I will say that for something like a tablet, or even a Kindle, I don’t see the need for 3G service. I personally think most people that don’t have some sort of MiFi like device or applicable cell tethering for the WiFi devices they travel with, they are just burning monthly recurring charges anyway. Why pay for separate data plans for each device when you can have one platform that supports several at once. OR just wait until you are near WiFi to download new things or updates. Built in 3 or 4G just seems like a poor business case if you have multiple connected mobile devices.
On a side note, at this point, if cost of an item (under ~$1000) for most new tech makes you pause, you’re probably not likely to be an “early adopter”. At that point, just wait it out until what you like gets whittled down to your price range (could also translate into “dated technology” by then), or until the next version which is often cheaper and better anyway. This seems to be a natural progression of tech and economies of scale.
Robert Bigelow says
While the iPad is multifunctional, the Kindle presents a better reading experience. For those who want to *do* things, it’s the iPad. For those who just want to read books, the Kindle. For extended reading, I’d prefer the Kindle. Thus being written, it may perhaps be a good idea to make their e-reader as good an experience as can be done, and keep improving on it to compete with the other e-readers and likewise products currently and soon-to-be shipping. ^..^~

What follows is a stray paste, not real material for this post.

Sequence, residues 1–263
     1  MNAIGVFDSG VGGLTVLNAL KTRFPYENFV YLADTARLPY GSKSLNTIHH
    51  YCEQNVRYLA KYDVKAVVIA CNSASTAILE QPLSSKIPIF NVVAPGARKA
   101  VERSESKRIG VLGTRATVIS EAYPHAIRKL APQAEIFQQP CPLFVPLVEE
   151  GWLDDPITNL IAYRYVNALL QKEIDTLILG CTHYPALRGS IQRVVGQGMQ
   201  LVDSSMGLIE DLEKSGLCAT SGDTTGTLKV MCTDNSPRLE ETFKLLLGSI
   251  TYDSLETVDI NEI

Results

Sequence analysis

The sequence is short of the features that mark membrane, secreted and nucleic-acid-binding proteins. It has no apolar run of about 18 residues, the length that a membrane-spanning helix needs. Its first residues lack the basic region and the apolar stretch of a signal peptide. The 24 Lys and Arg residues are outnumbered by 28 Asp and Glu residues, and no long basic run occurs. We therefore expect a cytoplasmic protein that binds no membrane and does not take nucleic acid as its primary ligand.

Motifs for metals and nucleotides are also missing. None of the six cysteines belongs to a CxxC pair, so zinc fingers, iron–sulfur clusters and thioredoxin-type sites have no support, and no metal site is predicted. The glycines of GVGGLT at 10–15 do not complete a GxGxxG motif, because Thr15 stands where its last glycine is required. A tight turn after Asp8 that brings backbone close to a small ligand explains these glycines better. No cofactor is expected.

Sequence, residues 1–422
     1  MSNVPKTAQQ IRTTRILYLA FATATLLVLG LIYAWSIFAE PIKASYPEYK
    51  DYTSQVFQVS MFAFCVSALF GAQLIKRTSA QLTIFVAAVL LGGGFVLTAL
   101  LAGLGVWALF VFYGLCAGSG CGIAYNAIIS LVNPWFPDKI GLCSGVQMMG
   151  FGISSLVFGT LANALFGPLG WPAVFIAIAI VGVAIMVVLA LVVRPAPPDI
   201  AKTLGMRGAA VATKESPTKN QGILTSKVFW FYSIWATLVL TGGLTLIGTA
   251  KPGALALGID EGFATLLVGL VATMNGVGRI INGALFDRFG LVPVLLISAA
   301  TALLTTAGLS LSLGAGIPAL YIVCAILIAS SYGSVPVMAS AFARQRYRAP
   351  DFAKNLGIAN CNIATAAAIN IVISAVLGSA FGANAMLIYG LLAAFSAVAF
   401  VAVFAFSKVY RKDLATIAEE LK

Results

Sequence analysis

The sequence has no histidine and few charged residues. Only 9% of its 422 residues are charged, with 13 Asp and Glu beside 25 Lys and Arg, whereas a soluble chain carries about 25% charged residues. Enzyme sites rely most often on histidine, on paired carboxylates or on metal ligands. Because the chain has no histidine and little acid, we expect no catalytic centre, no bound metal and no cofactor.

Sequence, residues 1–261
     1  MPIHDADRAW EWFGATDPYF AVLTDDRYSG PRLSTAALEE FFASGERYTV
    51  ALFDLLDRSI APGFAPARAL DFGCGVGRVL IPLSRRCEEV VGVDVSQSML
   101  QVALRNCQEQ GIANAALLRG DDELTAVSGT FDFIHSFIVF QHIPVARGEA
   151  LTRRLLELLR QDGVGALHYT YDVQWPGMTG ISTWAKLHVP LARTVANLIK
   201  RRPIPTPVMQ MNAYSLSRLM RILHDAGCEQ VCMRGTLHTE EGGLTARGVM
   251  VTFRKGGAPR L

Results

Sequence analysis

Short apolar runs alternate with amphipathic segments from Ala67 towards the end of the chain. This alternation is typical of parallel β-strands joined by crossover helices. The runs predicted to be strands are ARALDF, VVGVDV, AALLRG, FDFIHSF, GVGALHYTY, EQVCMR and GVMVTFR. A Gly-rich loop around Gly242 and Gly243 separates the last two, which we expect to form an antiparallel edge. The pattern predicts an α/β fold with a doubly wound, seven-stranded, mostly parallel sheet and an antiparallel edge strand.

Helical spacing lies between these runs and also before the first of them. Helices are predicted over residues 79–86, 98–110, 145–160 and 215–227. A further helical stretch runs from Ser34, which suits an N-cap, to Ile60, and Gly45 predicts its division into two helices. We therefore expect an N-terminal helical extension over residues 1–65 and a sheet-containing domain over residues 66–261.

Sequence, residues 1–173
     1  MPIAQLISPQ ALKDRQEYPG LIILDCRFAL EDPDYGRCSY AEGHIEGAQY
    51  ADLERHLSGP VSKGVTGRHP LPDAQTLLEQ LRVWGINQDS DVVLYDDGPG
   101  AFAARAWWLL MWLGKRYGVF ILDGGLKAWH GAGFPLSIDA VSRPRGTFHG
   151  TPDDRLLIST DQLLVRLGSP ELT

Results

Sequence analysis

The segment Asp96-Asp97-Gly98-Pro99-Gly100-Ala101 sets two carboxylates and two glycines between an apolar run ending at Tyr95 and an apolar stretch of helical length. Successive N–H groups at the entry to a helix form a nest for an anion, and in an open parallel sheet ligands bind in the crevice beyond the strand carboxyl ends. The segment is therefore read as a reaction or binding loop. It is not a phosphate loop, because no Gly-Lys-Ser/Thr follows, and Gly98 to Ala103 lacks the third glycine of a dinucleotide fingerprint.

Tom Hansen says
I have a Kindle 2 and iPad. I make sure to keep my books synced because I’ll pick them up at different times and for different reasons.
During the day I prefer the Kindle, and back to the ipad at night when reading in bed while my wife sleeps. If I travel away from home for a day or longer, I take the ipad for email and other stuff as well as reading. if I’m headed down to the local bookstore to read while sipping on a dirty chai, I take the kindle.
That being said, I already pre-ordered a new Kindle 3. My family will be happy when this one gets passed down. I think there is room for both. I read just fine on either and tend to grab whichever one fits my particular need that reading session.
DB Ferguson says
As far as electronic gadgets, I have an iPhone, Barnes & Noble nook e-reader, and MSI Wind netbook. Technically, I have access to all kinds of portable readers. However, I do all of my reading on my nook. When the iPad came out, I compared the hand feel to my nook, and my nook was lighter to hold and easier on the eyes.